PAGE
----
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#435806 Boston Dynamics’ Spot Robot Dog ...

Boston Dynamics is announcing this morning that Spot, its versatile quadruped robot, is now for sale. The machine’s animal-like behavior regularly electrifies crowds at tech conferences, and like other Boston Dynamics’ robots, Spot is a YouTube sensation whose videos amass millions of views.

Now anyone interested in buying a Spot—or a pack of them—can go to the company’s website and submit an order form. But don’t pull out your credit card just yet. Spot may cost as much as a luxury car, and it is not really available to consumers. The initial sale, described as an “early adopter program,” is targeting businesses. Boston Dynamics wants to find customers in select industries and help them deploy Spots in real-world scenarios.

“What we’re doing is the productization of Spot,” Boston Dynamics CEO Marc Raibert tells IEEE Spectrum. “It’s really a milestone for us going from robots that work in the lab to these that are hardened for work out in the field.”

Boston Dynamics has always been a secretive company, but last month, in preparation for launching Spot (formerly SpotMini), it allowed our photographers into its headquarters in Waltham, Mass., for a special shoot. In that session, we captured Spot and also Atlas—the company’s highly dynamic humanoid—in action, walking, climbing, and jumping.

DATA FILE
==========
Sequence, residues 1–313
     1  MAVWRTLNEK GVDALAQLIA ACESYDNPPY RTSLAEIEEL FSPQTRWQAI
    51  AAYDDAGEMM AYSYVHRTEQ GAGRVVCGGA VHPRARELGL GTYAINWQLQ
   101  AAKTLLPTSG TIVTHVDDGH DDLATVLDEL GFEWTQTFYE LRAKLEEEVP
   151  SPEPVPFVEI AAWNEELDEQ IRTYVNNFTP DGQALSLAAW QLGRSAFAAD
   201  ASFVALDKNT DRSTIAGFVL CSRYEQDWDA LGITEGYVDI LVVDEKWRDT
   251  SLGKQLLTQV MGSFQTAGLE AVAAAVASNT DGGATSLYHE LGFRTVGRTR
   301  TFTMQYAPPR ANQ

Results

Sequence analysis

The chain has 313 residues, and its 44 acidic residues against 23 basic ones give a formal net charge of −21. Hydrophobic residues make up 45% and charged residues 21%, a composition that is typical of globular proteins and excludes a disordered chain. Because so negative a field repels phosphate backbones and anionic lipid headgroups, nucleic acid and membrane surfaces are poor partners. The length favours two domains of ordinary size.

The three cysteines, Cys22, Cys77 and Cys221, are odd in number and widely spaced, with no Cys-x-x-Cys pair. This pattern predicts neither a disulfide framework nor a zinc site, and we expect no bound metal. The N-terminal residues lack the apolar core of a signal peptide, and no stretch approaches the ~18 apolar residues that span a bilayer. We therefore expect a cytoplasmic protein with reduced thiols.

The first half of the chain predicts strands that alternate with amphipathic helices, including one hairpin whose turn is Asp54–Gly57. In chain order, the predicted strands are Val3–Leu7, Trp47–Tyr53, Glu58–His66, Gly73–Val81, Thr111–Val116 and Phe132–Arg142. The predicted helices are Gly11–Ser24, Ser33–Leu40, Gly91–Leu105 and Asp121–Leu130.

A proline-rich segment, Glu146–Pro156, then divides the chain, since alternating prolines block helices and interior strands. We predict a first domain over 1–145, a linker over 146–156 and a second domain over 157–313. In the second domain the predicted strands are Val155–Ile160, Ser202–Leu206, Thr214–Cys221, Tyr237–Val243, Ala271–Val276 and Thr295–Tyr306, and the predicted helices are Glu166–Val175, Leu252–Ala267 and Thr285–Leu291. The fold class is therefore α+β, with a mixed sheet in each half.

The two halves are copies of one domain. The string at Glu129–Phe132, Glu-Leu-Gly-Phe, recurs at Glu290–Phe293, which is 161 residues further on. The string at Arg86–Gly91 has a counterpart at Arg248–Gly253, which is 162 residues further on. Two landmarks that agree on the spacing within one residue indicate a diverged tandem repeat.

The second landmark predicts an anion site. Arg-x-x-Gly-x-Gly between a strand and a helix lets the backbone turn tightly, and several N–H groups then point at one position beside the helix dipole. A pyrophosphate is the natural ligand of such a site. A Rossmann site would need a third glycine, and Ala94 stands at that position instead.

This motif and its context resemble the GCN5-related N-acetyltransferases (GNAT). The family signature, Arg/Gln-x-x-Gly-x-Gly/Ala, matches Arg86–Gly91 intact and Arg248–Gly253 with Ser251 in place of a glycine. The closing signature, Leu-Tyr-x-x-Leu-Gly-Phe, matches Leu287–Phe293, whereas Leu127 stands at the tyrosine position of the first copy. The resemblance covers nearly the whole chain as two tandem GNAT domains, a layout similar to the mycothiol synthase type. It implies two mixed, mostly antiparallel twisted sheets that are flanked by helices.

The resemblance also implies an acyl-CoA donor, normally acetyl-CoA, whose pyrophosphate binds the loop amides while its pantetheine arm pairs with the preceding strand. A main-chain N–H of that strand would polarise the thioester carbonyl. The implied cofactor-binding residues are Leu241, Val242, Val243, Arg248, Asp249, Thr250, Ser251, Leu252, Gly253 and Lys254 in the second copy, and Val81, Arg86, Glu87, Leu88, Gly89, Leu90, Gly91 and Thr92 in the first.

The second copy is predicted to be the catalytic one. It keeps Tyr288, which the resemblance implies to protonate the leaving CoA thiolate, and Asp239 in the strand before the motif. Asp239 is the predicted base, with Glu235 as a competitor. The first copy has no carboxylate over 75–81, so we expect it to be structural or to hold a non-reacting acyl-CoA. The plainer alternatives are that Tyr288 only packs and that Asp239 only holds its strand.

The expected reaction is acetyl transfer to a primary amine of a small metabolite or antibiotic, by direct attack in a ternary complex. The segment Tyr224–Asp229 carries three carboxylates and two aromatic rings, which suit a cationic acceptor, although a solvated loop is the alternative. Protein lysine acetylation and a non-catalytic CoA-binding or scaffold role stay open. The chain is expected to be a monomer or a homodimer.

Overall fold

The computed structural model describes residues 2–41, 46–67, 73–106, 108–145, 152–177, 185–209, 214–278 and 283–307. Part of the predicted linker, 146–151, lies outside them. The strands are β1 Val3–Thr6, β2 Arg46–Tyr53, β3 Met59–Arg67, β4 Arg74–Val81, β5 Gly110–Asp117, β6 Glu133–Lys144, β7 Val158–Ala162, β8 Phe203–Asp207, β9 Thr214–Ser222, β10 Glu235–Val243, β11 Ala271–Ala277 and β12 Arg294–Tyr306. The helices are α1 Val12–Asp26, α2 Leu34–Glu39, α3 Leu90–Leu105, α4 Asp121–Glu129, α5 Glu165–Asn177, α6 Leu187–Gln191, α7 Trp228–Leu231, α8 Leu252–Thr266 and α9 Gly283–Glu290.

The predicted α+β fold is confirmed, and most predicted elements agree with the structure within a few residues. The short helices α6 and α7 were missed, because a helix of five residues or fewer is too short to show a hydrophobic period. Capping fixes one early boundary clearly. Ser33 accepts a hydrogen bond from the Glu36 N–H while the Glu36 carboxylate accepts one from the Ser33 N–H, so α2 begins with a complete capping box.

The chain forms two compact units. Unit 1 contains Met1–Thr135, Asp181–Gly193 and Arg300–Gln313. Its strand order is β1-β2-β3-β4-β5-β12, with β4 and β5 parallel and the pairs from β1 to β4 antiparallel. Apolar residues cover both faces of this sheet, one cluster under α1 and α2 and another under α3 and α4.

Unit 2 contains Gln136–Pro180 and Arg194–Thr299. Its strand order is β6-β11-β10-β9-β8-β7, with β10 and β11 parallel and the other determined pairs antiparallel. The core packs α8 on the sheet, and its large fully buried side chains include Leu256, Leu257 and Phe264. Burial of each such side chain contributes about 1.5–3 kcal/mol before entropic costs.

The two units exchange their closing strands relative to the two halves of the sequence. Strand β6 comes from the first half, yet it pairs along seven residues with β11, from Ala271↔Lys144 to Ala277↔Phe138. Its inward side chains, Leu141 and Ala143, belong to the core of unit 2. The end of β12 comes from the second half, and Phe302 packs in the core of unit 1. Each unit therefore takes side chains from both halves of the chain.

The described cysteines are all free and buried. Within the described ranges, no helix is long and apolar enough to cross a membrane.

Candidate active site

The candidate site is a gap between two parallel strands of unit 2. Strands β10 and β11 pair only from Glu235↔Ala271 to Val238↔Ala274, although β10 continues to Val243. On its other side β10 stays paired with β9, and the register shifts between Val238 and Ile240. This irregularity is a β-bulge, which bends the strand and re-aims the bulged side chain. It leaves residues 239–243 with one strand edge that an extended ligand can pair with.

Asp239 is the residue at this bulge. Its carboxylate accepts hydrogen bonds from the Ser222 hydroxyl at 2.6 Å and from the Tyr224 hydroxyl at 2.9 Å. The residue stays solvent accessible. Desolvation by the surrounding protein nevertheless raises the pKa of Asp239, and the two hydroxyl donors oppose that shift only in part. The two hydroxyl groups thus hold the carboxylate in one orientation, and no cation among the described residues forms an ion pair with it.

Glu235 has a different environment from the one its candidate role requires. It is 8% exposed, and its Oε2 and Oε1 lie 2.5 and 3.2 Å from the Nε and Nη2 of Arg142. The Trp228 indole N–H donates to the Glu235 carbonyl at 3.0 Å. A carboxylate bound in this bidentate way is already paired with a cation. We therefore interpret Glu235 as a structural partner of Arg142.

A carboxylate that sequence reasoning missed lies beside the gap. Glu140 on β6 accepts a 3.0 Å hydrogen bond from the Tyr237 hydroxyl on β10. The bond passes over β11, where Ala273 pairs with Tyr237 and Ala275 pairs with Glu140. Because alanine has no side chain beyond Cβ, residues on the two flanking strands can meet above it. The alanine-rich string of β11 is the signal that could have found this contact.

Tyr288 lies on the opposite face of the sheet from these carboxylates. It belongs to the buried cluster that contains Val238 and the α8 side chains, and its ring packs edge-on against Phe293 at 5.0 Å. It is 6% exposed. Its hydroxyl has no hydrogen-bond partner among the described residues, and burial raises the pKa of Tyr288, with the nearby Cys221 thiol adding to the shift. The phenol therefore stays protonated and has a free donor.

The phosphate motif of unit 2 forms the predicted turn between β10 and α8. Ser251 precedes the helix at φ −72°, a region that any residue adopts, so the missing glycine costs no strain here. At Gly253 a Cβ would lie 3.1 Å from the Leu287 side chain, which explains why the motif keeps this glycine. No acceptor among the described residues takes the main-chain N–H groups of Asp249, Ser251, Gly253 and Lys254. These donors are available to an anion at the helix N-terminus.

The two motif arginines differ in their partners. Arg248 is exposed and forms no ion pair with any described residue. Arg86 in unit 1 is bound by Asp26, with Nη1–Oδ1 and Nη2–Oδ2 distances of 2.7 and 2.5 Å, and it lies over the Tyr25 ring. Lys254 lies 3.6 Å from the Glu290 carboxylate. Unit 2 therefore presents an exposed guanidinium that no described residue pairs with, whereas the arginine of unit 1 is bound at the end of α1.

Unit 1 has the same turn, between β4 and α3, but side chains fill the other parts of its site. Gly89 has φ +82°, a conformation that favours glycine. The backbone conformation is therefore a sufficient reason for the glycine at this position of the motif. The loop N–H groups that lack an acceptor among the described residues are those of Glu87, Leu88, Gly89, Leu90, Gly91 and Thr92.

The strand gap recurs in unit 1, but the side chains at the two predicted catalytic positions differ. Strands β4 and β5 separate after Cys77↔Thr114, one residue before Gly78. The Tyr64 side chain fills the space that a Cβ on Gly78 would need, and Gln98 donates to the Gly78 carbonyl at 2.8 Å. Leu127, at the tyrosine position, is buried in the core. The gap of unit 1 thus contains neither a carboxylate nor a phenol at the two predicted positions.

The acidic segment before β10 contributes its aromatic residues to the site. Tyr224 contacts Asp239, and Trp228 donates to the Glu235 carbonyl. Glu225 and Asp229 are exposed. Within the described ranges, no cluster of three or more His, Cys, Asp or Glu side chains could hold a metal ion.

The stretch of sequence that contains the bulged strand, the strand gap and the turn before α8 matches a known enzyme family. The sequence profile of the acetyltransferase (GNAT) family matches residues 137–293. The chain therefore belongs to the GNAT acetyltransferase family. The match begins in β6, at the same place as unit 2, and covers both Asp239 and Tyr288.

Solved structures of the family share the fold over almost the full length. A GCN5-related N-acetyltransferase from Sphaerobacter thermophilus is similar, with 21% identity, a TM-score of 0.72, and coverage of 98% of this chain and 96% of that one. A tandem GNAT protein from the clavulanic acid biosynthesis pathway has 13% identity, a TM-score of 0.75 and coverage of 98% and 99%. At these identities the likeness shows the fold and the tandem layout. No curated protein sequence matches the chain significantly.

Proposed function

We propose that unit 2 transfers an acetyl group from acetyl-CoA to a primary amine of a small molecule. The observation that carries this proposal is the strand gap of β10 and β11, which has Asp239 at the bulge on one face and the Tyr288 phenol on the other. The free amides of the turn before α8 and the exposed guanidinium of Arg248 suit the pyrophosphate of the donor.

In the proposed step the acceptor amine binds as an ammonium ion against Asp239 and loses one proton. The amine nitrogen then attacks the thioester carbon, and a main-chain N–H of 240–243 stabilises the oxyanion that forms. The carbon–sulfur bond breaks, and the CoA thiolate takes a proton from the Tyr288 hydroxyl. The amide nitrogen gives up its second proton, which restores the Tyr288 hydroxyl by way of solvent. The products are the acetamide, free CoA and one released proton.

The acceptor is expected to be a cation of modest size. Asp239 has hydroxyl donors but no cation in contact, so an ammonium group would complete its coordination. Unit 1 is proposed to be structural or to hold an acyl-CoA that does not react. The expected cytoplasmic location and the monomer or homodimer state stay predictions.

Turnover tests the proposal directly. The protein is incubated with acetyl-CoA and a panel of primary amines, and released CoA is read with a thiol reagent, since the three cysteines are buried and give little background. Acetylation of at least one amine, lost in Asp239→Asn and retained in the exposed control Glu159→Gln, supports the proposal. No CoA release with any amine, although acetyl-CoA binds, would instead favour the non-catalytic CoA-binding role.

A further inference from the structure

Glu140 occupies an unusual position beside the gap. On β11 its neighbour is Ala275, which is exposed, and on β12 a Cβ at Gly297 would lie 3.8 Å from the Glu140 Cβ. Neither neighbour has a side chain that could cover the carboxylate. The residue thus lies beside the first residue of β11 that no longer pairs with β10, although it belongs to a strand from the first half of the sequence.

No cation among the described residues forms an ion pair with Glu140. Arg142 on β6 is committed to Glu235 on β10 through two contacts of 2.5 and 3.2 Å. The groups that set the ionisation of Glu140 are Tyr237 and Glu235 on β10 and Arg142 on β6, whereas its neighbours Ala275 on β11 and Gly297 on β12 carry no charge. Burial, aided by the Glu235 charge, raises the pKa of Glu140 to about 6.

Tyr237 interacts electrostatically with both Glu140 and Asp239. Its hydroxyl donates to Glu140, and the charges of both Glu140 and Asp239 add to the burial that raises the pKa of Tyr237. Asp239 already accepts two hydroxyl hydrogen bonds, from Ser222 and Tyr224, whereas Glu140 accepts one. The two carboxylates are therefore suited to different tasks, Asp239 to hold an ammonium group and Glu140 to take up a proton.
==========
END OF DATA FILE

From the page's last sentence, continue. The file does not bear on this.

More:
You can see Spot’s photo interactives on our Robots Guide. (The Atlas interactives will appear in coming weeks.)

Gif: Bob O’Connor/Robots.ieee.org

And if you’re in the market for a robot dog, here’s everything we know about Boston Dynamics’ plans for Spot.

Who can buy a Spot?
If you’re interested in one, you should go to Boston Dynamics’ website and take a look at the information the company requires from potential buyers. Again, the focus is on businesses. Boston Dynamics says it wants to get Spots out to initial customers that “either have a compelling use case or a development team that we believe can do something really interesting with the robot,” says VP of business development Michael Perry. “Just because of the scarcity of the robots that we have, we’re going to have to be selective about which partners we start working together with.”

What can Spot do?
As you’ve probably seen on the YouTube videos, Spot can walk, trot, avoid obstacles, climb stairs, and much more. The robot’s hardware is almost completely custom, with powerful compute boards for control, and five sensor modules located on every side of Spot’s body, allowing it to survey the space around itself from any direction. The legs are powered by 12 custom motors with a reduction, with a top speed of 1.6 meters per second. The robot can operate for 90 minutes on a charge. In addition to the basic configuration, you can integrate up to 14 kilograms of extra hardware to a payload interface. Among the payload packages Boston Dynamics plans to offer are a 6 degrees-of-freedom arm, a version of which can be seen in some of the YouTube videos, and a ring of cameras called SpotCam that could be used to create Street View–type images inside buildings.

Image: Boston Dynamics

How do you control Spot?